The Edmonton Folk Music Festival is a model green event. Since the 1980s its legions of volunteers have included an environmental crew, and every year the festival finds ways of tweaking its ways of reducing waste.
That environmental crew now includes 12- to 15-year-old "Enviropower" volunteers, who pick up trash each morning on Gallagher Hill, where the festival is held. There is a volunteer kitchen enviro crew, a beer garden enviro crew, a crew that picks up trash in the neighbourhood streets surrounding the site, and a volunteer-run secure bike area to encourage cycling to the festival. (This is a good option, as there's no parking whatsoever on site.) Some cash registers run on solar power, compact fluorescent lightbulbs are used wherever possible, and volunteers who don't bring their own reusable water bottle and coffee cup simply go thirsty.
One of the festival's most effective green initiatives is the reusable plate program, which has been in place for a few years and was an idea the Folk Fest stole from the Vancouver folk music festival, says volunteer coordinator Vicki Fannon. Folk Fest purchased thousands of Melmac plates and "sells" them to the concession stands for $2 a plate. Customers pay an extra $2 for the plate when they purchase food. They then return the plate to a plate booth once they're done, and receive a $2 refund. The plates are washed on site, and the cycle continues.
The 2011 Folk Fest (held August 4th to 7th) marked the second year of a partnership with Cleanit Greenit, an Edmonton composting company, to further reduce food waste. The festival stipulates that all concessions use only biodegradable packaging— this means corn-based cutlery, glasses and even straws—and Cleanit Greenit turns all of this organic waste into compost. As a result, almost nothing gets thrown out, and what does gets sorted by Edmonton's cutting-edge Waste Management Centre. Of course, it would be ideal if everyone remembered to bring their own cutlery and drink containers, but in the meantime such extensive composting seems the next-best option. Especially considering Cleanit Greenit sells the compost at a break-even price to community groups like Girl Scouts, who then turn around and sell it at fundraising events.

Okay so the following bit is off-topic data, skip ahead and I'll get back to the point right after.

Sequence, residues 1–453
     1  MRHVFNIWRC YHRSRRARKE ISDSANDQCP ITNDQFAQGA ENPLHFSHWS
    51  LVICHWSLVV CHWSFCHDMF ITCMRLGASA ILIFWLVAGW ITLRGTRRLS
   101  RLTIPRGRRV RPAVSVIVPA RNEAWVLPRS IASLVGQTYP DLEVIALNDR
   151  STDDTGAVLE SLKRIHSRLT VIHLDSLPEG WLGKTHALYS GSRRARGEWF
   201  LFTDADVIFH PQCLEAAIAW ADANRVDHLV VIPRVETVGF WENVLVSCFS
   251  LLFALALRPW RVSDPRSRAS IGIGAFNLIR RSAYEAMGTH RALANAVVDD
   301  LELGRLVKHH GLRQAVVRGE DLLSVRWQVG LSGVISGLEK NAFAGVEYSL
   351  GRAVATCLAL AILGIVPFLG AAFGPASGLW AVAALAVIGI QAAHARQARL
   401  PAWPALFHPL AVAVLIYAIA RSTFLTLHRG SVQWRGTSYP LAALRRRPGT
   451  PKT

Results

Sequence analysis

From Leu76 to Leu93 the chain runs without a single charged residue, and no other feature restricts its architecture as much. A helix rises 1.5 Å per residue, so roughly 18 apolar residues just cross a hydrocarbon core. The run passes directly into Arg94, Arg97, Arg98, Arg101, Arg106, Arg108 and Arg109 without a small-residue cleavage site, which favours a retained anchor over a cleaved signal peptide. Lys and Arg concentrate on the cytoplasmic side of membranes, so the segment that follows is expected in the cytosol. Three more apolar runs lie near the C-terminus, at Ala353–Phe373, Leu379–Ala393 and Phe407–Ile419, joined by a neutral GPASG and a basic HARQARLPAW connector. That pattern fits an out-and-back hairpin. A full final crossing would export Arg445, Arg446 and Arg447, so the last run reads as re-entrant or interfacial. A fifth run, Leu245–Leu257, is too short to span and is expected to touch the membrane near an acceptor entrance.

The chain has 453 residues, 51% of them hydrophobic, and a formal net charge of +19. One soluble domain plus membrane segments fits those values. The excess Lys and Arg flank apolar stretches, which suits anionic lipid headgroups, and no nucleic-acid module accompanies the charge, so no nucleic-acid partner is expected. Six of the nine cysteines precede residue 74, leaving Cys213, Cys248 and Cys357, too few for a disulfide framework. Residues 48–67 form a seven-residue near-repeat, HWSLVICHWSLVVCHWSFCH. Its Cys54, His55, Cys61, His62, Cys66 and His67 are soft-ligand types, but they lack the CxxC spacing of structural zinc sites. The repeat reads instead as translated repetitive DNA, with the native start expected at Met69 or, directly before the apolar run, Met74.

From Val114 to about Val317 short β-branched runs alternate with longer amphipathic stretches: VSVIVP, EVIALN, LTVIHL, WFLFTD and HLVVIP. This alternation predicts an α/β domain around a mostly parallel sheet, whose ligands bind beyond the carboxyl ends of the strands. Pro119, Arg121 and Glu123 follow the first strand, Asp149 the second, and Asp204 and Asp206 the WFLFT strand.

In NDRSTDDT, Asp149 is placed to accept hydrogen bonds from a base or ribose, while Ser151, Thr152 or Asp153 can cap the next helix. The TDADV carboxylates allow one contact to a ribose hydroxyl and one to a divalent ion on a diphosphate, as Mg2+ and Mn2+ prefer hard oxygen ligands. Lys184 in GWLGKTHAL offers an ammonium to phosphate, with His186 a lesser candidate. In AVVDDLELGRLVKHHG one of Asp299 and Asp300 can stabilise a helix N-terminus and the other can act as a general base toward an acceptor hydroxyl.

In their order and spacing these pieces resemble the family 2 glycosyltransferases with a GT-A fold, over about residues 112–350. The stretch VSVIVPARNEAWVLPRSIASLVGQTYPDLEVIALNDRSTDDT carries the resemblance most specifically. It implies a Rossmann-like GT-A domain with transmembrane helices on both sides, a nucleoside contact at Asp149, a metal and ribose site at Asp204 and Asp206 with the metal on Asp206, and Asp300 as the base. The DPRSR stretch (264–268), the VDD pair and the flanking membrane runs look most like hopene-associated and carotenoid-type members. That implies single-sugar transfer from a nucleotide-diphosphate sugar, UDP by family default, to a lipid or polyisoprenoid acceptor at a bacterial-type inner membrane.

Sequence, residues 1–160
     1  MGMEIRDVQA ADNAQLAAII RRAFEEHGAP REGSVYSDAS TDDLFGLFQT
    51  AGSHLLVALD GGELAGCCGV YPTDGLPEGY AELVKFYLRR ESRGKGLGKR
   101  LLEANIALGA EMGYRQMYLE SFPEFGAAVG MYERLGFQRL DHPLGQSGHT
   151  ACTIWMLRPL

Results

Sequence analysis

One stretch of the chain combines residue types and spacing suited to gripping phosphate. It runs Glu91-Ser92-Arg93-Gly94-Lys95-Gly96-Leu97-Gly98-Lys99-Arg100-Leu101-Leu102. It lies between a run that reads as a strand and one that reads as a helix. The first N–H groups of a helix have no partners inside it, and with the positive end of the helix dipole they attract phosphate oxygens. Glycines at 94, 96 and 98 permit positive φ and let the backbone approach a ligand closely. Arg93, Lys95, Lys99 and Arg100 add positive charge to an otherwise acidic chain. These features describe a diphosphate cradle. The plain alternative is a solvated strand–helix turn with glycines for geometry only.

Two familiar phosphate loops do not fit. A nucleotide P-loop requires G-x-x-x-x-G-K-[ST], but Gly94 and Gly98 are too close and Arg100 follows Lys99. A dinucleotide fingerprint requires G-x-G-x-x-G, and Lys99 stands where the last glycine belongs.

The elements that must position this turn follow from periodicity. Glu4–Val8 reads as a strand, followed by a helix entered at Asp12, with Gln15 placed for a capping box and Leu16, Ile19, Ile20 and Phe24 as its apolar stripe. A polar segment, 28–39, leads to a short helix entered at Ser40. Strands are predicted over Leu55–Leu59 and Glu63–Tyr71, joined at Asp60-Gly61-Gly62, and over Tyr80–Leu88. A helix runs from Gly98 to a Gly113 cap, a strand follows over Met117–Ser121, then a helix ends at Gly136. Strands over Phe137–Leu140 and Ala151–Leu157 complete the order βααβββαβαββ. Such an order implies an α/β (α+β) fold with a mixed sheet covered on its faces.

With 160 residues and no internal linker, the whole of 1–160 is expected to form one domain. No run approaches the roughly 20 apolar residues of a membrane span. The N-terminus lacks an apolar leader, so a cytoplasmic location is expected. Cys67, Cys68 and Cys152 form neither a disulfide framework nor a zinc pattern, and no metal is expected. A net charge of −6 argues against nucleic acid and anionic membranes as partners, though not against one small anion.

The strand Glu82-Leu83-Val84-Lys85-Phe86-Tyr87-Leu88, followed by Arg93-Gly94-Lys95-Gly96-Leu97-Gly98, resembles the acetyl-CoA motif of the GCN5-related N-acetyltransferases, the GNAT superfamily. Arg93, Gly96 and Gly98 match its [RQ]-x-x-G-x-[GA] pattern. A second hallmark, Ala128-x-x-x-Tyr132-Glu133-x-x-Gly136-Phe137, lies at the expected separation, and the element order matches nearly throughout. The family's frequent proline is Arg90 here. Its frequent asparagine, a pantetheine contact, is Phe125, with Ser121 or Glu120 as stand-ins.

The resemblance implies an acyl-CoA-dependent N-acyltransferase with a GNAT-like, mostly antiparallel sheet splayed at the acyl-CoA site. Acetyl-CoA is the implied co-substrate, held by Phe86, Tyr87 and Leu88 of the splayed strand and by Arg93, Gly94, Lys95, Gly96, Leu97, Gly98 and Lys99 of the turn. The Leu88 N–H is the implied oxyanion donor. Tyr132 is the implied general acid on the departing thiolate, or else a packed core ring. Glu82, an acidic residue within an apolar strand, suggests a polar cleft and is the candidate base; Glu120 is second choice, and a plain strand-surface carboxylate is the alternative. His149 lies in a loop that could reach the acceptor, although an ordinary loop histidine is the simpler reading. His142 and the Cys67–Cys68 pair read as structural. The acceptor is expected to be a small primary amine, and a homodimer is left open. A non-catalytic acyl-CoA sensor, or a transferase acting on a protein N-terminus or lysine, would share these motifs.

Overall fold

Patrons are still getting the hang of what goes where. Information in the Folk Fest program booklet and on the giant screens set up on the hill educate people on the plate program and recycling and compost stations, but for the moment, "compost supervisors" remain stationed next to bins to ensure everything ends up where it should.
Cary Glenn, a first-year volunteer for Folk Fest, is one such compost supervisor. He says that by the end of the weekend, patrons were starting to get the hang of it, but he still had to explain the sorting rules to most people. "People are surprised by what they can compost," he says. "For some reason, people think bubblegum can't compost. And they have trouble with the glasses too, since they look so much like plastic — so much like the Starbucks cup they've brought here that can't be composted." Glenn likes to joke with people who have never heard of corn-based glasses or cutlery; when they ask how it's made, he says, "We carve them out of corncobs."
Generally, however, Glenn notes that people are open to learning and eager to dispose of their trash properly.
Fannon agrees. "Our patrons get it," she says. "We have an excellent group of people who come to the festival, and it's not really messy. If you keep everything clean in the first place, people respond." Judging from people's actions on the hill, it seems she's right. On Sunday night, I overheard a teenager reply to her parents' call to keep up with them, "Wait! I'm recycling!"